Washington Law Review


This article reports the results of an empirical study of the distribution, disposition and taxation of wealth at death in a community property state—Washington. The study was undertaken in order to extend the existing data base regarding the transmission of property at death to two new areas: (1) the community property states; and (2) transfers by way of probate avoidance devices. The existing data base is derived primarily from three relatively recent studies of the transmission of wealth at death through the estate administration process in common law property states. They provided answers to a host of very important and interesting questions regarding the ownership and disposition of property and the operation of the estate administration processes in noncommunity property jurisdictions. The need to obtain comparable data for a community property state was evident. The progress of the equal rights movement has accentuated the need for empirical studies of co-ownership of marital property in community property states. The results of such studies might (1) allay some fears of common law jurisdictions regarding the complexities and risks of adopting a system of co-owned marital property; (2) provide information with which to address the property ownership problems which may arise from implementation of the Equal Rights Amendment; and (3) aid in dealing with increased numbers of express or implied marital property partnerships in common law jurisdictions. The present study should aid in dealing with such problems by establishing that married persons in a community property state dispose of their property in essentially the same ways as married persons do in common law states. A central finding of this study is that the marital property law appears to have very little impact on the disposition married persons make of their property at death. To place the present study in perspective and to facilitate comparison with common law studies on transmission of wealth, a brief introduction to the three leading studies may be helpful.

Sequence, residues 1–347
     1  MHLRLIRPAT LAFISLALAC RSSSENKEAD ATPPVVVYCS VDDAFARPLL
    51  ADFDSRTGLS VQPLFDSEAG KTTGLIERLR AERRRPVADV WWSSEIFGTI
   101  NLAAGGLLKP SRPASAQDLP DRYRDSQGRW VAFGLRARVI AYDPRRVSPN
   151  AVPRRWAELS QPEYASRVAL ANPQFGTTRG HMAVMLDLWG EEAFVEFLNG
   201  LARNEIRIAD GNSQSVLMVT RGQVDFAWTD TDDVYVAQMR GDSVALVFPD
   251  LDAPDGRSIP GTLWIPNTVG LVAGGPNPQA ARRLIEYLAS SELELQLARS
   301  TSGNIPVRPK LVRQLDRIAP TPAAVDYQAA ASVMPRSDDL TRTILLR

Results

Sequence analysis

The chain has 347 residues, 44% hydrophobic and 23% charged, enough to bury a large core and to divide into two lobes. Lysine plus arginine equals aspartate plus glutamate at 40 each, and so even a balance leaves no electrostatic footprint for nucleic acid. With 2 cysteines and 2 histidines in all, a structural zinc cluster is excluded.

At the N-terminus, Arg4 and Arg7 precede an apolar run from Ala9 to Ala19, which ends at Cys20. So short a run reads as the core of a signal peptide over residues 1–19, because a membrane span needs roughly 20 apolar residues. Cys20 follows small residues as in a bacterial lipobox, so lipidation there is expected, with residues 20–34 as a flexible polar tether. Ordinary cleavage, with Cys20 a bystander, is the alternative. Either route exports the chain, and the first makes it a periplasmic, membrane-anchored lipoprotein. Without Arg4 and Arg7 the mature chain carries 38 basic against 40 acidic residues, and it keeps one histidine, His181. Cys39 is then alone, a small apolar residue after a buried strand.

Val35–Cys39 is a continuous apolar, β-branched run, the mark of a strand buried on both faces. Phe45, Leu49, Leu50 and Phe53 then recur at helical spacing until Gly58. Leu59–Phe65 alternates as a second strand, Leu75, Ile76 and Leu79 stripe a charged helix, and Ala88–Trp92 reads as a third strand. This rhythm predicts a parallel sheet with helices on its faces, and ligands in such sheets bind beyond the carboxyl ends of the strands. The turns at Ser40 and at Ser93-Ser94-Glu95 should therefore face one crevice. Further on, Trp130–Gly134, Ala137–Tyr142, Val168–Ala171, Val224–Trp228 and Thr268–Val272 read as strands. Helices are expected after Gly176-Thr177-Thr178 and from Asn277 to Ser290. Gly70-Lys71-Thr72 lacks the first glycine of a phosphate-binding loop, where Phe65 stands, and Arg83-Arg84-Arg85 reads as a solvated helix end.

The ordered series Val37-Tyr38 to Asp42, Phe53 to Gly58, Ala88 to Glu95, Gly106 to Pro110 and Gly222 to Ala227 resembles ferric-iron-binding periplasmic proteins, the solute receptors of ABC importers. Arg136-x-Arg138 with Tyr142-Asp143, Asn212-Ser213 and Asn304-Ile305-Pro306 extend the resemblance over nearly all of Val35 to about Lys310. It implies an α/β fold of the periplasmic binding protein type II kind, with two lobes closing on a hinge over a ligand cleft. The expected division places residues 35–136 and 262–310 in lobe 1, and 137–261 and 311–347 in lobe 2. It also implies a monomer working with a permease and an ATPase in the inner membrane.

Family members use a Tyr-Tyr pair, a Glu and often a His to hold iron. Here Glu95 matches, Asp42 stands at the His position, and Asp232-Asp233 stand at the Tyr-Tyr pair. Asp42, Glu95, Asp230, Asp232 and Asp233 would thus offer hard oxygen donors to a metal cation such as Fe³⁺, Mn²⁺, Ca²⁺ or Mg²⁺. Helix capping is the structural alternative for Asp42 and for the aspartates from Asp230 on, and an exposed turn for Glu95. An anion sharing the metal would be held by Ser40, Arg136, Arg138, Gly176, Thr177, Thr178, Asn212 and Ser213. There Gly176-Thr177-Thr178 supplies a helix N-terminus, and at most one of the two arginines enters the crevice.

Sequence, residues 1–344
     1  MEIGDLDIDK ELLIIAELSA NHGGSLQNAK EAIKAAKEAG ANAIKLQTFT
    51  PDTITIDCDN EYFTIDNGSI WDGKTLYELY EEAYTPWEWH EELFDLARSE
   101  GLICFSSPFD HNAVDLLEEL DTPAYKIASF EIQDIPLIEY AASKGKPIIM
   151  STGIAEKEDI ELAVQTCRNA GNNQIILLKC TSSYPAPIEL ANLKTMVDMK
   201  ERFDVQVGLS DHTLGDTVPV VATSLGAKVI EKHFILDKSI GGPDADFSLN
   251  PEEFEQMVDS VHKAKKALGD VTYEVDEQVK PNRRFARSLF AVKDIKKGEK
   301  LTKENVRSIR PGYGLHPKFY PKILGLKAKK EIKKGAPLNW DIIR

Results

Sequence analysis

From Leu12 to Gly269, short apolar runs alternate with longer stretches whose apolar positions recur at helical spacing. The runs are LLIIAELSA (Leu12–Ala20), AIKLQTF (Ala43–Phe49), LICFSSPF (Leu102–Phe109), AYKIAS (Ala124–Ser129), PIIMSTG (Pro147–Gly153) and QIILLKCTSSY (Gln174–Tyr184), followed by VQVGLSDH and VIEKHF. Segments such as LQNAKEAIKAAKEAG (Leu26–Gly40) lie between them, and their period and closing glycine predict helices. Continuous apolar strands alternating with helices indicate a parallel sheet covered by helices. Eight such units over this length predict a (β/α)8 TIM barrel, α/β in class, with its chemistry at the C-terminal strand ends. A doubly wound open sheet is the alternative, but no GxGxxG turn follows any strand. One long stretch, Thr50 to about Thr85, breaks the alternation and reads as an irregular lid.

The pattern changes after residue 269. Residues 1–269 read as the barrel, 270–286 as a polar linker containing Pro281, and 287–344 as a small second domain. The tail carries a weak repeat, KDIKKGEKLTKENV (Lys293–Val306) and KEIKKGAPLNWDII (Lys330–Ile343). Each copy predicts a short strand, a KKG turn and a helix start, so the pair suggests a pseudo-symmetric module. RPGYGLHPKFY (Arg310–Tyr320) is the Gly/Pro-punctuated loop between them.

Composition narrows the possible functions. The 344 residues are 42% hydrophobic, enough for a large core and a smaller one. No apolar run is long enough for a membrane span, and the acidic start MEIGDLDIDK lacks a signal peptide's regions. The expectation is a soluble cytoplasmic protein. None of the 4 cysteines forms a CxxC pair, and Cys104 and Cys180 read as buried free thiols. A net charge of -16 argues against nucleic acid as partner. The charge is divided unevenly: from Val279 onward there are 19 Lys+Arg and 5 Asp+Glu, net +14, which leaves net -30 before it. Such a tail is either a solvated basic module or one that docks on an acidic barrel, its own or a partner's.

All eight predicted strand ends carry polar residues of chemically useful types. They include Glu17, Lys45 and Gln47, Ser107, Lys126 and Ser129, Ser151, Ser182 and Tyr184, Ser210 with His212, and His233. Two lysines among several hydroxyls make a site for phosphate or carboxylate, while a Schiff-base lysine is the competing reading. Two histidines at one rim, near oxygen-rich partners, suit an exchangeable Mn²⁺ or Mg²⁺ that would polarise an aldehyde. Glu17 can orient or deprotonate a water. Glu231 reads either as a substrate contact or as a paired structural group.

First Page


Included in

Family Law Commons